Ceruloplasmin is a type of protein found in the blood, and its levels can be measured with a copper deficiency test. The protein is produced by the liver and is used to transport copper through the blood. Tissues in the brain, kidneys, liver, and bones need copper to function properly and remain healthy. The average adult has 50 to 80 milligrams of copper in his or her body. The body does not produce copper on its own. Copper is introduced to the body through the foods that one eats. Foods high in copper include, beans, whole grains, organ meats, and many types of seafood. Copper is filtered out of the body as waste.
A copper plasma test, also known as a copper serum test, is most often used to test for or rule out the presence of Wilson’s disease. The condition disrupts the body’s process for eliminating copper from the body; and so as copper continues to be consumed, copper levels in the blood continue to rise. Much of the body’s copper is found in the liver, which is supposed to filter excess copper into waste so that it can pass out of the body. Wilson’s disease stops copper filtering through the liver appropriately, and one is left with free copper blood levels as much as six times greater than an individual without the disorder. The copper plasma test assesses how much free copper is in an individual’s blood.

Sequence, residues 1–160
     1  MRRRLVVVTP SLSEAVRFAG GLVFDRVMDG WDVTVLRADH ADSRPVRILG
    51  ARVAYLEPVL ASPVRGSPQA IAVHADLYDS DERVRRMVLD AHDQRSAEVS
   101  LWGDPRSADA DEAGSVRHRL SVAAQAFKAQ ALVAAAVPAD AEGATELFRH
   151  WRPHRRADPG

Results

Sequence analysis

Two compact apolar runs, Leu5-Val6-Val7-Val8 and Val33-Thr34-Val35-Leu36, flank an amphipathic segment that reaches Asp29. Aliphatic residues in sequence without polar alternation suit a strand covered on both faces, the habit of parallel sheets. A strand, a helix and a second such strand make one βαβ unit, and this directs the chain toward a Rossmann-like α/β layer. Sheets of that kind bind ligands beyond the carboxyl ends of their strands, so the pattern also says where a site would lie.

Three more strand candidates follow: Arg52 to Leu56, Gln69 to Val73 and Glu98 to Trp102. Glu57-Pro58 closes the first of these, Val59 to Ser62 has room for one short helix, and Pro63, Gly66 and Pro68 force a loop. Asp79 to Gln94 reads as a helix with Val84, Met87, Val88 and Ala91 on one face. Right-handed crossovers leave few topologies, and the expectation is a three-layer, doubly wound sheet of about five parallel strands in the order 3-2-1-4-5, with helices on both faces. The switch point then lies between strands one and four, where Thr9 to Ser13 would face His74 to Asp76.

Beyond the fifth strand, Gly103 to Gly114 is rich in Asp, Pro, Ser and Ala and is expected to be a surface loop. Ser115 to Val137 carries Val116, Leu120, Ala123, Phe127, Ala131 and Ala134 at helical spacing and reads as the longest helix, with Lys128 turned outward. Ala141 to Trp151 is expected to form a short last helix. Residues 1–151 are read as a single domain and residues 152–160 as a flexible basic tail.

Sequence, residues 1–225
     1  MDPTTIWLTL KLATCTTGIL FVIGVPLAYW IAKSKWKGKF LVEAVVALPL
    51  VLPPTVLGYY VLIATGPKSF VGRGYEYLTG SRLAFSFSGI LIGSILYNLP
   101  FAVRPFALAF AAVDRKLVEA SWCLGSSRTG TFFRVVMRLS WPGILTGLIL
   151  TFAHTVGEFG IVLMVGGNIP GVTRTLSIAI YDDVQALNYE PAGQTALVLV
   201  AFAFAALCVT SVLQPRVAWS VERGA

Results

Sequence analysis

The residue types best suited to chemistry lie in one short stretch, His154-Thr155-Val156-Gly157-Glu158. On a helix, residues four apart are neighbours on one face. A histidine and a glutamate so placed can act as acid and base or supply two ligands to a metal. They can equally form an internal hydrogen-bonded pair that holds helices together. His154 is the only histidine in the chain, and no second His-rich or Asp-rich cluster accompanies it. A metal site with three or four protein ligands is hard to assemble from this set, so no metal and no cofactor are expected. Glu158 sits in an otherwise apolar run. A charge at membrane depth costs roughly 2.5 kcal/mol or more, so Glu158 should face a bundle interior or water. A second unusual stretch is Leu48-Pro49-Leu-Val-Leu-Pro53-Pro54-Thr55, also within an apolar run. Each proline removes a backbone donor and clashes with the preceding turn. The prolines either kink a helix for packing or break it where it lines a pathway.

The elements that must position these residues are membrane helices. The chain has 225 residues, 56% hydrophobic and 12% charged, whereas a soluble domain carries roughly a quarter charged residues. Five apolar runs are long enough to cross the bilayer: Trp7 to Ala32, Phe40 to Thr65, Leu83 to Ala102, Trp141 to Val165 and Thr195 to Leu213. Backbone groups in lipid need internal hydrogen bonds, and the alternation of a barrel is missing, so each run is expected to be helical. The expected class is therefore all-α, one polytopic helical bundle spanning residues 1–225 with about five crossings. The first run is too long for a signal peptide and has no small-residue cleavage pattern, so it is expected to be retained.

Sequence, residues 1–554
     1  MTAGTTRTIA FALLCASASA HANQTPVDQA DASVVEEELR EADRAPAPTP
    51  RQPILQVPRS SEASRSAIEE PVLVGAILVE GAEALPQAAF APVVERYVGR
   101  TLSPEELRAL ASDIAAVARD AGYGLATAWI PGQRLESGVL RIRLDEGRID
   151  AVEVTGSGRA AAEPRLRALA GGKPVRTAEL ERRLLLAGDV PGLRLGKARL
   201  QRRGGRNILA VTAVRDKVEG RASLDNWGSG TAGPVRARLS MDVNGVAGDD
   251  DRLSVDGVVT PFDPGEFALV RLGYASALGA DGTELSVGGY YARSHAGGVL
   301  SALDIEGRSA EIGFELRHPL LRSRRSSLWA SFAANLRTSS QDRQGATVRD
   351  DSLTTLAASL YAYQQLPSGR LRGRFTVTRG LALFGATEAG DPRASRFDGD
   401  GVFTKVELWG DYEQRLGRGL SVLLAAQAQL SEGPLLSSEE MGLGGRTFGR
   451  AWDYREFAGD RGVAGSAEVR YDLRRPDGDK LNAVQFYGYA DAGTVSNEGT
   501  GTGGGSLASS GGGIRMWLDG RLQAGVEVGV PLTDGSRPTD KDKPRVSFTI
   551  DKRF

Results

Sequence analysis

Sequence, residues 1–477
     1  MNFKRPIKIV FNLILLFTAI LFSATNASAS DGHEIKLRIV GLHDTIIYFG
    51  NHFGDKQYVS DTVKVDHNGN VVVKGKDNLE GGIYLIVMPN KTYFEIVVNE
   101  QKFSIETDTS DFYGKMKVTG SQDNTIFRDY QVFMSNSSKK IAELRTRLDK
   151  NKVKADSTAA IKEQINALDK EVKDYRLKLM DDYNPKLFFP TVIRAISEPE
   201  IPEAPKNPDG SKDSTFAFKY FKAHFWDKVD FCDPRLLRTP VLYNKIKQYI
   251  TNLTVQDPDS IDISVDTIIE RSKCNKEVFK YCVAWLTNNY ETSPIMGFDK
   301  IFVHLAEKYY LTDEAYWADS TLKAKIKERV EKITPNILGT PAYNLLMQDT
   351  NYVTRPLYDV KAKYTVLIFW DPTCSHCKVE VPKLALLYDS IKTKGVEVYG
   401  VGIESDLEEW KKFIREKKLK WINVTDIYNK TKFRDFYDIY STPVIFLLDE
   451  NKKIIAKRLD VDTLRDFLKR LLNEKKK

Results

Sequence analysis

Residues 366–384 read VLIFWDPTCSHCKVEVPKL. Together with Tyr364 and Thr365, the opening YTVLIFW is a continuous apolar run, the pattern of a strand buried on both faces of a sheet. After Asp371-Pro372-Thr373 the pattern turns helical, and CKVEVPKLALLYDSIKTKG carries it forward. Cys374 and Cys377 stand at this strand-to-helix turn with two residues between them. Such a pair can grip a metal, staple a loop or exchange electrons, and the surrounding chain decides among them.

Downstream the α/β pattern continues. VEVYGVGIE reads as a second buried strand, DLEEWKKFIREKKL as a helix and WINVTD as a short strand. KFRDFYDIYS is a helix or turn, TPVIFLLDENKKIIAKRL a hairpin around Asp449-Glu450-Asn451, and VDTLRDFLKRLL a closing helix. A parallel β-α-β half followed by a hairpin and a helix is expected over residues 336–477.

Zinc deficiency, which affects about 2 billion people in the developing world, is associated with several diseases. In children it causes growth retardation, infection susceptibility, delayed sexual maturation, and diarrhea, contributing to the death of about 800,000 children worldwide per year. Enzymes with a zinc atom in the reactive center are widespread in biochemistry, including alcohol dehydrogenase in humans. Consumption of excess zinc can cause lethargy, ataxia, and copper deficiency. Trace minerals are a group of tests that measure specific minerals, mostly in the blood but at times in the urine or another body tissue or fluid. These minerals are substances that the body needs in very small amounts on a regular basis for normal functioning. They come into the body through the diet and are used in the production of hormones and enzymes, the regulation of glucose, and the formation of bone, teeth, muscles, connective tissue, and blood cells. They aid in the metabolism of proteins, fats, and carbohydrates, promote wound healing, and are vital for the transport of oxygen throughout the body.